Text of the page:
a work in progress,  eastern medicine

putting down the gloves

I’ve been in a defensive stance for a long time. I used to fight to get to the end of each day, letting my symptoms dictate how I went about everything. Now, I fight to get better – to finally reach some sort of existence in which I’m not constantly uncomfortable.

Lately, however, I’ve been receiving messages that this is not the way I should go about managing my health and pain.

At first, I was incredulous. I may speak of acceptance and how that is my ultimate goal, but to actually achieve this has felt like a pipedream. Yes, it’s a beautiful idea, but my true mental state has been stuck in This life hurts, why would I stop fighting? To stop fighting means that I would wave a flag in surrender. Well, that would be crazy. I can do better than this. Additionally, after over a decade of living in this state, fighting became a part of my self-identity. The idea of stopping didn’t align with my worldview on so many levels.

The last time I found myself on the acupuncture table I was in the middle of a pain flare and a bit of a mess. After reading my pulse, my acupuncturist shared a thought with me. I feel like you’re trying really hard to get betterMy first reaction was, Yes, great! I am! But she continued, gently offering that perhaps acceptance was an approach worth considering.

Not long after this session, I picked up Anita Moorjani’s book Dying to be Me which is an account of her near-death experience while suffering from end-stage lymphoma, and how she quickly healed upon waking. Moorjani offers the reader many lessons she learned following this experience, but a couple stood out. First, she talks about learning to look inward for answers rather than outward, as the changes we make influence our entire universe. “If I’m at peace, all of creation is peaceful,” she writes. Okay, this is interesting and completely aligns with my pursuit of successfully managing my pain without outside intervention. Second, Moorjani writes that our bodies are a reflection of our inner state and that her realization of this during her near-death experience is what allowed her to heal.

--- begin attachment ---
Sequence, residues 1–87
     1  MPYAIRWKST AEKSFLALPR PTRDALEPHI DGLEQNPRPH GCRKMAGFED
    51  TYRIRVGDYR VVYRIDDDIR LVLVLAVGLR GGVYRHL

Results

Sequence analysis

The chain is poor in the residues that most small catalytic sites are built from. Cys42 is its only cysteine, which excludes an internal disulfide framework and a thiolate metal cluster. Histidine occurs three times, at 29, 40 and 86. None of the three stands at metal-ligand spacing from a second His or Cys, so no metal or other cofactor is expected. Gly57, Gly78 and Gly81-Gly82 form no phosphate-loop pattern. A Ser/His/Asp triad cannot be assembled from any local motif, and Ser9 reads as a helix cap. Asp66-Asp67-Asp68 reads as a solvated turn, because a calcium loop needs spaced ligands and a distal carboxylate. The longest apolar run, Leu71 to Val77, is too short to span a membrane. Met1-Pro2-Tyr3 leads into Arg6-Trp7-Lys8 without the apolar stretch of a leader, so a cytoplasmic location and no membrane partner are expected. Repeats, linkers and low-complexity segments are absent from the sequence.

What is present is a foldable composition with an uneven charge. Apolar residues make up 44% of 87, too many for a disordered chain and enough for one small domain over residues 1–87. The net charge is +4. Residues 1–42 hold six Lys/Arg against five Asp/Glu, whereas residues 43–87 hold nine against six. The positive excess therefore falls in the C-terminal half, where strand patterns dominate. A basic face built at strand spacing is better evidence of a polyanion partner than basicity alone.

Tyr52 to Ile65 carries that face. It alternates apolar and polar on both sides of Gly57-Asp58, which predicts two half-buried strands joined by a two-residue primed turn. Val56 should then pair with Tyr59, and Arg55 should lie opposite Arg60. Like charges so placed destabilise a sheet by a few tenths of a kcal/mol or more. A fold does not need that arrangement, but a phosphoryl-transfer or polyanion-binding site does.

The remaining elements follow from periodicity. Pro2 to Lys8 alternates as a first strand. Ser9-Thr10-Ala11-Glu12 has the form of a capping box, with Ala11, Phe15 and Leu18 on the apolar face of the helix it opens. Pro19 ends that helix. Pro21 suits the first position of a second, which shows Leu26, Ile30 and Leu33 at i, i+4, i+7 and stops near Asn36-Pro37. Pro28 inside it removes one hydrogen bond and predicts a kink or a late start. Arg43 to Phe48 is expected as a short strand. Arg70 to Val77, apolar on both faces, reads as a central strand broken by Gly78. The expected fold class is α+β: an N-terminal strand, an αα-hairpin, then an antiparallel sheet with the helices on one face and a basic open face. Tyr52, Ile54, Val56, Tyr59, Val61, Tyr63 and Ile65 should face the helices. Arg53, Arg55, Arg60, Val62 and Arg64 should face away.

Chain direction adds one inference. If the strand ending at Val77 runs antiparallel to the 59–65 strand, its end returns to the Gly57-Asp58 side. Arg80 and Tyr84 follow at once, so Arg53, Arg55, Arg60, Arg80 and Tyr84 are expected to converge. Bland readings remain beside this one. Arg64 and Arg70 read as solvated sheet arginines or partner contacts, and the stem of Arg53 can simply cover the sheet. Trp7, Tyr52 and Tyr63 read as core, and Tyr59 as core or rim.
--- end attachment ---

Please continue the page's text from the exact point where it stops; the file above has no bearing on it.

It was hard to not actually nod along in agreement as I read this book, that’s how strongly it resonated. So many things she wrote are things I’ve thought before but never strung together or related to my health. Yet it all made perfect sense.

As my meditation practice progresses, I’m finding that occasionally I get the feeling I have truly left my physical body behind. It doesn’t happen each time I meditate and I can’t hold onto the feeling for too long, but when it happens I’m at ease mentally and physically. I don’t feel pain. As soon as I am pulled back down, however, I am greeted by this body that is uncomfortable and I am reminded of my reality.

I’ve wanted to tap into this feeling, to find a way to access a similar state as I go about life. I’ve had no idea how to do this, however, so I just kept practicing. In an oddly ironic way, I viewed the pursuit of this goal similarly to how I trained to run a marathon or master any other skill. I set smaller benchmark goals, I took it very seriously, and I had high expectations for how my hard work would one day pay off. Somehow I found a way to even turn meditation into a battle.

If everything I’m hearing, seeing, reading, learning, and even occasionally experiencing is correct, then I have the power to create my world and all that is in it, whether that is beauty and peace or sadness and pain. At one time this idea would have angered me or would have made me feel that my illness was somehow less real if I had the power to change it, but today I’m excited by this notion because I realize that this answer would mean that there is a way out.

I can work with this.

I apologize for today’s post lacking a certain light, holiday theme. I guess that’s just not where I am right now! Nevertheless, I hope you are all enjoying the Season and getting what you need.


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